By Alison Tracy Photos by Kimber Price
April 12, 2015
Before Maria Bamford and before Amy Schumer, there was Margaret Cho. A brutally honest, unapologetic oversharer who isn’t afraid to make fat jokes about herself, tell you about the time a diet made her shit her pants, and drag out her family’s skeletons and parade them around for us all to enjoy.
As a kid, I used to binge watch stand up specials on Comedy Central. I had so many favorite comedians, but didn’t truly identify with many until seeing Cho’s special. Seeing a woman being as snarky and clever as her male counterparts made a huge impression on me as a child, and I used to re-watch her special just to see the moment where she makes fun of pretentious commercials, and her mother shrilly screeching her Korean name when she was younger. It was so important to me to see a woman talk bluntly about the fallacies of womanhood and how ridiculous and objectifying it is to try to achieve being “ladylike” at all times.
While Cho has always been socially outspoken and undaunted by holding a mirror up to the business she works in; over time, she has become somewhat of a social justice warrior. She uses comedy as a platform to talk about things she is genuinely passionate about such as feminism, gay rights, self-love and being a person of color in America. She has been very vocal about how her mocking impersonations of Kim Jong II on American television is her own form of protest against the current political state of North Korea, an open rebellion to the message of compulsory conformity that silences so many North Koreans.
On April 9, I was able to catch her in her in the flesh, in the first of three shows at the Comedy Zone. Opening for Cho was Selene Luna, a sharp female comedian who had some biting jokes about the shortcomings of being a little person, and what it was like to be an atheist who is completely freaked out by fake ghosts on ghost hunting shows. As a fan of the ludicrous yet entertaining show, Ghost Adventures, I know exactly what she means. Honestly, who doesn’t want to watch a show about a guy in 20 year old Jnco’s and a chain wallet stumbling around in the dark while his friends get freaked out by a paper ball blown through the hall? That is prime unintentional comedy.
Selene’s set had a somber moment, where she talked about being born in Mexico, and how antiquated medicine was in Mexico at the time. The doctors actually told her parents that she may never walk, or live past the age of 20. However, Selene Luna is doing just fine at the age of 43, and giving audiences everywhere the mental image of a pompous S&M blowhard walking into party city for their gimp mask.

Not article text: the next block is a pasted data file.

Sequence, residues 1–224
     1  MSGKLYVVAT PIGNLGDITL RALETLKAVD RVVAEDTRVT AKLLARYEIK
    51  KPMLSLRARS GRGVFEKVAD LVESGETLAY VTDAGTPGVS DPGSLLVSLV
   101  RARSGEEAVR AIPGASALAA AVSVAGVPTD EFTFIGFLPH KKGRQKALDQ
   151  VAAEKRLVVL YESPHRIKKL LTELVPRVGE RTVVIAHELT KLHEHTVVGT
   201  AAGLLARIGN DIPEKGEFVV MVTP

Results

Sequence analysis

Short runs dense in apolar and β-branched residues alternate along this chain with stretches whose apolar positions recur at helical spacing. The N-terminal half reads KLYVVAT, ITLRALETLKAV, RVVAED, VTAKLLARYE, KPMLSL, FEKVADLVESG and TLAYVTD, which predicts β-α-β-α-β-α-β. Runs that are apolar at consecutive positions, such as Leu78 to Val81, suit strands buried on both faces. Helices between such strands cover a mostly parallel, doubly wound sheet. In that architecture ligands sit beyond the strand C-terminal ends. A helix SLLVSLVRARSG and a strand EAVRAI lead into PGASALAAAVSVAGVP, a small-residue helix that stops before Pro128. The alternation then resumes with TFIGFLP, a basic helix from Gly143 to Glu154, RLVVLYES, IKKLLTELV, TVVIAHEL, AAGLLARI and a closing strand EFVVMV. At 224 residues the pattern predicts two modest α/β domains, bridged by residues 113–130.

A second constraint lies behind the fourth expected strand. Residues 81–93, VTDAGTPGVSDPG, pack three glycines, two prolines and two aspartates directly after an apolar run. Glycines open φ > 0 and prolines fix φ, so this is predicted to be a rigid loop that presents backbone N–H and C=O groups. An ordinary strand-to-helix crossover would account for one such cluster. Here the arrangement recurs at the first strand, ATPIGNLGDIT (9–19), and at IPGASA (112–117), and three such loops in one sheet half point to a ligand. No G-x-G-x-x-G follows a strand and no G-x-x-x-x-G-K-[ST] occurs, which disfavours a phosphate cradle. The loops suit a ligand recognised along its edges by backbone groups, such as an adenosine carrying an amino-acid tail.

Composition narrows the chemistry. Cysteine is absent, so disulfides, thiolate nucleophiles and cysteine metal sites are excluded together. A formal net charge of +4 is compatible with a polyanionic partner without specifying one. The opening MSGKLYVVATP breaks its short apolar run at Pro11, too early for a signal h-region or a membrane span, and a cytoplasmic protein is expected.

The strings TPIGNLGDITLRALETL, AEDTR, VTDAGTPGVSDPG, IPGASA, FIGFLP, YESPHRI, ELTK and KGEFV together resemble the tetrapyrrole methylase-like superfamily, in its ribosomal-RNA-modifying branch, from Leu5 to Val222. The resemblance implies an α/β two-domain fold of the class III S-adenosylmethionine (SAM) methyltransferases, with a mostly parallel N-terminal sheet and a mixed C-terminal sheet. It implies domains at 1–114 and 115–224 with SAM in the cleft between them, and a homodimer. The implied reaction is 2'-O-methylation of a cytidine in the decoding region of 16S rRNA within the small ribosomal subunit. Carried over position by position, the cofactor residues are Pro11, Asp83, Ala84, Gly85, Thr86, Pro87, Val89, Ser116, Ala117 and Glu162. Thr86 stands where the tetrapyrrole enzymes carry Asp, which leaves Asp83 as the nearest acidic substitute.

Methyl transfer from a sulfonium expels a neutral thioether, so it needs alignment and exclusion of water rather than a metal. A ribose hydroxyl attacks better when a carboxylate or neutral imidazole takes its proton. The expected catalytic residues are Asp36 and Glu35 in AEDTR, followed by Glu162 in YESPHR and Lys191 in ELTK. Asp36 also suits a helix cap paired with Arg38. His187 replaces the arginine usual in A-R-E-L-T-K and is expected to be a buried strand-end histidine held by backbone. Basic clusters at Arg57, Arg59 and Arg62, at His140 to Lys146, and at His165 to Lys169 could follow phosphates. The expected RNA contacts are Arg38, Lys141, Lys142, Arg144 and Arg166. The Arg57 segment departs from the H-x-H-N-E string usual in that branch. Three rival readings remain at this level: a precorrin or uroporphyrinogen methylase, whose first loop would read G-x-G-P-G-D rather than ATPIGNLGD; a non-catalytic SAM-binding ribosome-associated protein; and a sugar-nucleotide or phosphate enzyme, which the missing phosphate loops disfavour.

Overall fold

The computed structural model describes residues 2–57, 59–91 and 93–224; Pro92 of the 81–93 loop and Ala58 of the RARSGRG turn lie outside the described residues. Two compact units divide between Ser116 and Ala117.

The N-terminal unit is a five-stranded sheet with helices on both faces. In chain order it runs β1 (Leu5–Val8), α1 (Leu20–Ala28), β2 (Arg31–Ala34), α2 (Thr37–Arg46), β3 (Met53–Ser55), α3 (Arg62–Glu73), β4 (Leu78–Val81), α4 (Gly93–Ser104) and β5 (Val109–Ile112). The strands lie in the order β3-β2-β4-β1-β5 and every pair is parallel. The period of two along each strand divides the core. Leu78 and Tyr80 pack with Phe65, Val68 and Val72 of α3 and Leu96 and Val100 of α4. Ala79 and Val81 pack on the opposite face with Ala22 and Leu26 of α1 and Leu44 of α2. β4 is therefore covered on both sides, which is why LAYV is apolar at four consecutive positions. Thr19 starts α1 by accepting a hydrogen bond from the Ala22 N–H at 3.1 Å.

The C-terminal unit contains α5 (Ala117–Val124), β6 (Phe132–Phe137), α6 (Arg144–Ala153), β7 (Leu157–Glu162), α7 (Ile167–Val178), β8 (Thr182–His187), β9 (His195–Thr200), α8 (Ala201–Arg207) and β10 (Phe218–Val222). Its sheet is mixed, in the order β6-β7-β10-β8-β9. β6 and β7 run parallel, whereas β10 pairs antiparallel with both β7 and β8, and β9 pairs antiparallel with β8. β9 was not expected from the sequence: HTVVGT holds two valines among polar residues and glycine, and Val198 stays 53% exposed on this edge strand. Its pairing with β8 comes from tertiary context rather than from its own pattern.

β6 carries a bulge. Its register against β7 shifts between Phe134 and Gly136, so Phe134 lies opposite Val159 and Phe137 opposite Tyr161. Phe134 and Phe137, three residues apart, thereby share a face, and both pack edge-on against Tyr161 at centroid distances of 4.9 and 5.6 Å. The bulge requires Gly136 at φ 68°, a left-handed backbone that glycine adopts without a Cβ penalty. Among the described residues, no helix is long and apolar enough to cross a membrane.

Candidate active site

When Cho came out, clad in leather pants and a t-shirt, she came out with the aura of a Comedy Queen. Sometimes comedians talk about their lack of chemistry and charm in bits, but in order to get a whole room on your side and laughing with you, there has to be a certain amount of that in your act, or you’re just an alienating sideshow like Tiny Tim with your ukulele making everyone slightly uncomfortable after five minutes. This is not an issue for Cho. She immediately asked at the start of her set for all of the Asian people in the crowd to raise their hands, relieved that she wasn’t the only Asian person in the room. She used this as a segway to give props to the currently running sitcom, “Fresh Off the Boat,” which she said is only the second Asian American comedy to ever be on television.
It’s hard to really describe how her set went from there, as it took a lot of turns and trails of thought. She talked at length about losing her “father of comedy” Robin Williams, and how being so wrapped up in her grief she barely had time to process losing Joan Rivers, who she considered to be her “mother of comedy.” When talking about Robin Williams, she spoke with great admiration of his charity work for the homeless. She also started working with the homeless at length. This somehow ended up in her shitting her pants again, multiple times. She spanned subjects from the potential legalization of marijuana in North Carolina, to inheriting Anna Nicole Smith’s pill hoard, to wishing she could pull off being a really butch lesbian.
Overall Cho maintained the oversharing that makes her a truly skilled comedian. She manages to mingle in self-deprecation and socially bold statements with such fluidity that you feel more like you just had a conversation with someone rather watching a comedy set full of punchlines. For a comedian that has been in the profession for 22 years, she is still very much on her game and definitely someone you should go out of your way to see if given the opportunity.